Exclusive Interview: RJD2’s ‘Dame Fortune’

Interview with RJD2, pondering the samples of the artist’s classic 2002 “Smoke and Mirrors,” DIY back when Xerox printing at the library ruled, Philadelphia roots, MPC-2000, ARP2600s: “forged in steel — solid, fortified.” Read the full interview.

Your best shot at making a career is to be good at what you do. Most often, that happens by doing what you love. You’ve gotta love what you do, and then it’s not work.



The Peanut Butter Wolf Jukebox Feature for URB

peanut-butter-wolf-urb-featureI recently interviewed Chris Manak (Peanut Butter Wolf) of Stones Throw Records for URB Magazine. Here’s an excerpt. Please click through the links to read the entire article.

I first saw Stones Throw Records owner Chris Manak DJing 45 records as Peanut Butter Wolf more than a decade ago in a dank Seattle club. While he rarely made eye contact with the audience during his performance, he dug through his record cases with unconcealed glee. He was a shy type whose subdued and yet surly attitude was somewhat compelling. He didn’t seem to be an introvert, or an extrovert either, really. He wasn’t punk or shy for the usual rebellious sake of alienating people. There was a struggle taking place, a struggle that wasn’t appreciable by those who weren’t inquisitive. There was a reason he sought out the far reaches of popular culture. He collected and played obscure 45 records plundered from global flea markets. He donned strange haberdashery that had nothing to do with trendy headwear. He spent thousands pressing vinyl that had no apparent revenue potential.

If you were paying close enough attention, the subtext seemed to read: the hype isn’t what makes the music. The money, the scene, and the popularity aren’t what make movements. What compels and inspires is usually at odds with mass culture. It’s adjacent. It’s perpendicular. It’s genuine and difficult. And it might not make you rich.

Read the full article on URB.

My DJ Colette Mixtape

Image courtesy Colette Marino
Image courtesy Colette Marino

It’s 1996 and I’m traversing Interstate 80 somewhere in Illinois on the way to a rave in Chicago with my new friend Jonathan. We’re listening to my prized and well-worn DJ Colette mixtape. She sings “Rise up, riiiise…” over an expertly layered track when the tape seizes up in the deck of my Mitsubishi. I press pause, then eject, hoping to rescue the thing. For some reason unbeknownst to me, Jonathan grabs it, unspooling the magnetic tape, and hastily throws it out the passenger window. I watch in the rearview mirror as the spool unwinds behind us into the dividing line of highway and into the darkness punctuated by headlights. I mourn the loss of my prized analog artifact, and also silently curse my poor choice in litterbug passengers.

Fast forward.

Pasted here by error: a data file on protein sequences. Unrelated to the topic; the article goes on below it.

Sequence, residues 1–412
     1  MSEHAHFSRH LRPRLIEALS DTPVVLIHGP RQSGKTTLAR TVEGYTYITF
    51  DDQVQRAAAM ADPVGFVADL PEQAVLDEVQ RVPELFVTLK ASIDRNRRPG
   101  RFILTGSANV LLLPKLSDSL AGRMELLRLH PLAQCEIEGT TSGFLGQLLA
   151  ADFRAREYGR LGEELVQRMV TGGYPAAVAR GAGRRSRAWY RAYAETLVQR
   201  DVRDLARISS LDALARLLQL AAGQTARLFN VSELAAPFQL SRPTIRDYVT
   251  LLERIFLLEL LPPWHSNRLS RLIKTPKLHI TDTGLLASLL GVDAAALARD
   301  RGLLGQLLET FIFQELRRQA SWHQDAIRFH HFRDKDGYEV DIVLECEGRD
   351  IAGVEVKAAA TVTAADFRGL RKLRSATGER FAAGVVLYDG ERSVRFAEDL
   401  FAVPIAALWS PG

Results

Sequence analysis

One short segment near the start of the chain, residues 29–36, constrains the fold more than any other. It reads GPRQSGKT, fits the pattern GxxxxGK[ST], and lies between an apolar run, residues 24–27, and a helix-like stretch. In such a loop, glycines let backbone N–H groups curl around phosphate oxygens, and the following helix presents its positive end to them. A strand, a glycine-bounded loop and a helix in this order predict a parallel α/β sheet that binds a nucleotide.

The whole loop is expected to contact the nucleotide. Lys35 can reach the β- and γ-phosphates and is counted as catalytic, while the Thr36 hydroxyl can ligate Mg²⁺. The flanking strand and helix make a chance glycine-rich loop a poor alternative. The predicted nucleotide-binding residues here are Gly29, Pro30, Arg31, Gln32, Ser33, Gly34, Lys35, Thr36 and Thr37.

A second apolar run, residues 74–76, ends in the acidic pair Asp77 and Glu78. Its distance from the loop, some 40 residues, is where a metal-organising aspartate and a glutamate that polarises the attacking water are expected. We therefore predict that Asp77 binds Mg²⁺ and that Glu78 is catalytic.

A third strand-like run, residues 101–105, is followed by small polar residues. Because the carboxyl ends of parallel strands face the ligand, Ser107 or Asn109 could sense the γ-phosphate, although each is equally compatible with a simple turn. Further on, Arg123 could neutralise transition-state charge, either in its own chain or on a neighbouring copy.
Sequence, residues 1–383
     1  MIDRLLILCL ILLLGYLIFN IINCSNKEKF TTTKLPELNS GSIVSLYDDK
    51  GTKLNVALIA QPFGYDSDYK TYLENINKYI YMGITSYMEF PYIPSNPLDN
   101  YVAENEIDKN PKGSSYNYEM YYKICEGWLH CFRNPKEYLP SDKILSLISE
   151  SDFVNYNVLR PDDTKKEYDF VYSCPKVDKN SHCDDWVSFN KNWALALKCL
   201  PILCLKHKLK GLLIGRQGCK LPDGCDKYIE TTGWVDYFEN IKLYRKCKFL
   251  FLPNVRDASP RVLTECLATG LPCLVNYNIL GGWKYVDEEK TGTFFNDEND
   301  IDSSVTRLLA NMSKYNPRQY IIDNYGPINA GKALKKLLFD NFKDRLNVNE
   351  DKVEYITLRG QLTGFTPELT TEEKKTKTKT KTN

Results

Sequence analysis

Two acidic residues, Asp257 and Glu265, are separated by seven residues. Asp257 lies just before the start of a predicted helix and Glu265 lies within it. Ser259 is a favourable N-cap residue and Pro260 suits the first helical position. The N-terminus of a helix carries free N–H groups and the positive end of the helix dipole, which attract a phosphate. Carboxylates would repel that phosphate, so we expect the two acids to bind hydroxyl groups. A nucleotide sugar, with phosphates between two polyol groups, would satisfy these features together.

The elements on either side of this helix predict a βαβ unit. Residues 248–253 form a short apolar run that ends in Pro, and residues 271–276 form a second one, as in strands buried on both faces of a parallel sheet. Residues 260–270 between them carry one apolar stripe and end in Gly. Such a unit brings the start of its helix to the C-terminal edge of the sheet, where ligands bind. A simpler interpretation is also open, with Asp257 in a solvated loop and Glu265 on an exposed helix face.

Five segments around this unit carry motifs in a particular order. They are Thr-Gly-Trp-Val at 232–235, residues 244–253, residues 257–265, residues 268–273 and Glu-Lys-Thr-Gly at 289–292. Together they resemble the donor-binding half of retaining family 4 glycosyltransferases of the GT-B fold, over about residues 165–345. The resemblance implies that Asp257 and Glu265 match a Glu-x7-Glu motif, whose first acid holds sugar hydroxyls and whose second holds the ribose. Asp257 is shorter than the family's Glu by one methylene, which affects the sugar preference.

2000, Seattle, Washington: As a contributing writer for San Francisco’s XLR8R Magazine, I interview the SuperJane collective (DJs Colette Marino, Heather Robinson, Shannon Ialongo or Dayhota and Darlene Jackson, a.k.a. Lady D) for a cover story touting the ladies as house music underground’s most promising new DJs and producers. This is the first cover story for the SuperJane ladies (it is also my first), and cements their celebrity status in the world of electronic music.

Fast forward.

2005, Miami, Florida’s Winter Music Conference. As WMC memories tend to blur together into an amalgamation of DJs, glinting disco balls, business cards, clubs, pool parties and over-exuberance, I can’t remember whether I saw Colette at a Red Bull mansion afterhours event or at some club. But I do remember the specific interplay of light chiseling her high cheekbones as she sang, lyrically lilting in alto, completely in the moment.


In 2000, when the SuperJane article first appeared on the cover of XLR8R, the landscape of house music releases was relatively barren, as compared to today’s proliferation of labels, producers and releases. Production was expensive, access to affordable software was difficult, manufacturing and distribution were major roadblocks, and the space-time continuum still separated artist and label from fan discovery. Today, new house tracks are a MixCloud, SoundCloud, Beatport, Twitter or Facebook click away. Yet today, as always, the percentage of quality releases is far outnumbered by watered-down dreck. It’s rare to seize upon a house album that’s consistent, smartly produced and timeless.

Fast forward.

Last week, I met Colette at Aroma Café in Studio City, California. The house music maven has launched her Candy Talk label, and released a superlative album, When The Music’s Loud, spanning genres from acid house to classic Chicago house and Italo-disco. I love Colette’s new album even more than I adored that ill-fated ‘90s mixtape. She’s won various awards, including Best Song Used in a Commercial via DanceStar for her Motorola licensing deal, and her music has appeared in movies like The Devil Wears Prada. She’s married actor and rock music star Thomas Ian Nicholas, she tours on a weekly basis, and she has a son, Nolan. She’s preparing for the reunion of the SuperJane collective at Hollywood’s King King later that week, and also for the premiere of the Girl documentary, directed by Kandeyce Jorden and featuring DJs Sandra Collins, DJ Rap, DJ Irene, Lady D and Colette, among others. Our conversation spans topics from her production partners to DJing while pregnant.


SC: How did your new album, When The Music’s Loud, come together?

CM: This record took about three years. I’m more of a singer-songwriter, so I collaborated with many different producers on the album: Tim K, Santiago & Bushido, Teenwolf and Nick Chacona. I’d either work with them in the studio, or swap tracks digitally back and forth. Tim K and I wrote all of the songs together, which was a first for me. Usually I write with many different people, but I feel like writing with one person made a stronger record. Even though the album is very diverse and musically travels a lot, having the same songwriting partner…